Dual Diagnosis: Prevalence, Risk Factors, and Relationship With Suicide Risk in a Nationwide Sample of French Prisoners


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Abstract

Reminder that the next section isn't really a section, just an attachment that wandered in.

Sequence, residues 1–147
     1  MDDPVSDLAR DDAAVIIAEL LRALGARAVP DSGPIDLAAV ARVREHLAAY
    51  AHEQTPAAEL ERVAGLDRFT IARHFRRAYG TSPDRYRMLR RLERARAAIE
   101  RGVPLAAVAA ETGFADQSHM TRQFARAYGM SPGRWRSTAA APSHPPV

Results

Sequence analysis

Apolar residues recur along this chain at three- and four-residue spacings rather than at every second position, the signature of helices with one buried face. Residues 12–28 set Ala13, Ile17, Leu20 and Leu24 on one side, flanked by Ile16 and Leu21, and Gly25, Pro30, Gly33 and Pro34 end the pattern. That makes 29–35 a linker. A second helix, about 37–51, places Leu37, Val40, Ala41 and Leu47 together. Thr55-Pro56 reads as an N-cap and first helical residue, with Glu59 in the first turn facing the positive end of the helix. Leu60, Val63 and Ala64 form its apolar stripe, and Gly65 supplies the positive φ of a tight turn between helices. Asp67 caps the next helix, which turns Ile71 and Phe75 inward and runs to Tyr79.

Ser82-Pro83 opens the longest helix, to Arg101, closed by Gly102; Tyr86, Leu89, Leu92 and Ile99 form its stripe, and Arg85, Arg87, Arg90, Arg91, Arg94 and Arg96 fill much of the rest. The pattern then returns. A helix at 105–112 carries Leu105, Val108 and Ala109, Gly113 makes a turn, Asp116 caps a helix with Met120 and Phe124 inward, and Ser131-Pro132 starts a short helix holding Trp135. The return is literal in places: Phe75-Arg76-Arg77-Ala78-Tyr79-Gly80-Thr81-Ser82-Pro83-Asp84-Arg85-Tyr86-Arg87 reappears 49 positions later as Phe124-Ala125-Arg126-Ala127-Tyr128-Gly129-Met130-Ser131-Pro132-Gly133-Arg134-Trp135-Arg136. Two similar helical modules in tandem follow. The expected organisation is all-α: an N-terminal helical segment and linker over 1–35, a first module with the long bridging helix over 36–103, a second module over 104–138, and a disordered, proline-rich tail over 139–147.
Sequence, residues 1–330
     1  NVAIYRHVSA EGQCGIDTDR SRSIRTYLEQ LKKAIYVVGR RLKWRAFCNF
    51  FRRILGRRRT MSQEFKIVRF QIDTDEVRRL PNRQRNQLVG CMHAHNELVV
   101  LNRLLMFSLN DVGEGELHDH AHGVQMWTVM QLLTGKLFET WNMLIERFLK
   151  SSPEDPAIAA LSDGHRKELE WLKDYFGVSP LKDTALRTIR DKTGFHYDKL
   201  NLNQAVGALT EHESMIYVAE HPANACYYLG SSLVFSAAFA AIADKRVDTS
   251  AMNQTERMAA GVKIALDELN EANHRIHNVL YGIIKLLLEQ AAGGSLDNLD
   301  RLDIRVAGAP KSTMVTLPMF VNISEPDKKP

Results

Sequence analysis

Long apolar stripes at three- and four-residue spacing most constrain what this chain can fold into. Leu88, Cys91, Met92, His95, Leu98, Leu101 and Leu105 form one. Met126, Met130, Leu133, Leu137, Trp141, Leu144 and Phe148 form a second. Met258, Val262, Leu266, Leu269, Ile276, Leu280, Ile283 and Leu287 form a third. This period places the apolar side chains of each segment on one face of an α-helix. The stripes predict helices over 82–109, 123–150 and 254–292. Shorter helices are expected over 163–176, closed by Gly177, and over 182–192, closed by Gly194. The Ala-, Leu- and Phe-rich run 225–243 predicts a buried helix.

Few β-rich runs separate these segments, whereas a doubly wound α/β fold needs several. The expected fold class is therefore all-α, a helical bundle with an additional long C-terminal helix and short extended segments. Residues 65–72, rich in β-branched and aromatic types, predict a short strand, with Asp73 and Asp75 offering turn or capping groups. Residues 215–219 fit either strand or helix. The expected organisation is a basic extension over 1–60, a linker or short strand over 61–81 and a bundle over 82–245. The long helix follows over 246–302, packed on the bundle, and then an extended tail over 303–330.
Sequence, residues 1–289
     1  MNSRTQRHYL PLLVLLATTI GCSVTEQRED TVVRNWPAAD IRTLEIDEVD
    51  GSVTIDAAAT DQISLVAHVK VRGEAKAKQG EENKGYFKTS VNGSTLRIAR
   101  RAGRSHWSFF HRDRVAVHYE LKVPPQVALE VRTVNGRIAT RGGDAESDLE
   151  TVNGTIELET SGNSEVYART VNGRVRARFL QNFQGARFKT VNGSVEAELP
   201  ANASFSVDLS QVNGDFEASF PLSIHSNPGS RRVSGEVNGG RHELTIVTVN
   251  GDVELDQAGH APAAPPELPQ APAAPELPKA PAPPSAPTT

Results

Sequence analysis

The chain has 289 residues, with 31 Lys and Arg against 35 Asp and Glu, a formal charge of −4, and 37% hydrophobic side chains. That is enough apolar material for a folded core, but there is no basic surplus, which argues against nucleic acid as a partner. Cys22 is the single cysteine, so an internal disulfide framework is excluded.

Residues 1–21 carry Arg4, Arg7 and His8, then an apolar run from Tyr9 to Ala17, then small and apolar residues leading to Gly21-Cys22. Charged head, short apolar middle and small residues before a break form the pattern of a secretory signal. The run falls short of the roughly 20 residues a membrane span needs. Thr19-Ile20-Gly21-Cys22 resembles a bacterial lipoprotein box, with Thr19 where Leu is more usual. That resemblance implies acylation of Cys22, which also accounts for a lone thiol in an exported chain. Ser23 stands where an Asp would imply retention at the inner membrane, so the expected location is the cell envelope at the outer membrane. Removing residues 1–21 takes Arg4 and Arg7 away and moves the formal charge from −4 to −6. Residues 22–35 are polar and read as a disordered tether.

BackgroundAxis I psychiatric disorders (PD) and substance use disorders (SUD) are common in prison, but only few studies have focused on their association in this setting. Dual diagnosis (DD) (the co-occurrence of a SUD and any axis I disorder) is known to have a poorer prognosis and to require more intense supportive care.ObjectivesThe objectives of this study were (1) to describe prisoners with DD (prevalence and characteristics); (2) to compare DD prisoners with 3 other groups of prisoners: no diagnosis (ND), SUD alone, or other isolated PD; and (3) to evaluate the impact of DD on suicide risk in prison.MethodA random stratified strategy was used to select 23 various types of prisons and 998 prisoners. Diagnoses were assessed using a unique procedure, each prisoner being evaluated by 2 psychiatrists, 1 junior, using a structured interview (MINI 5 plus), and 1 senior, using an open clinical interview. Following interviews, clinicians met to establish a list of diagnoses. Cloninger's temperament and character inventory was also used.ResultsOf the prisoners, 26.3% had a DD. DD prevalence was almost 80% in prisoners with SUD, while only one-third of the prisoners with an axis I PD had co-morbid SUD. No significant differences were observed in drug use patterns between DD and SUD without co-morbid PDs. DD showed the strongest association with suicide risk [OR = 5.7 (1.7–4.6)].ConclusionDD is very frequent in prison and is a major risk factor for suicide. Systematic psychiatric/SUD screening of prisoners with either a SUD or an axis I PD should be encouraged.

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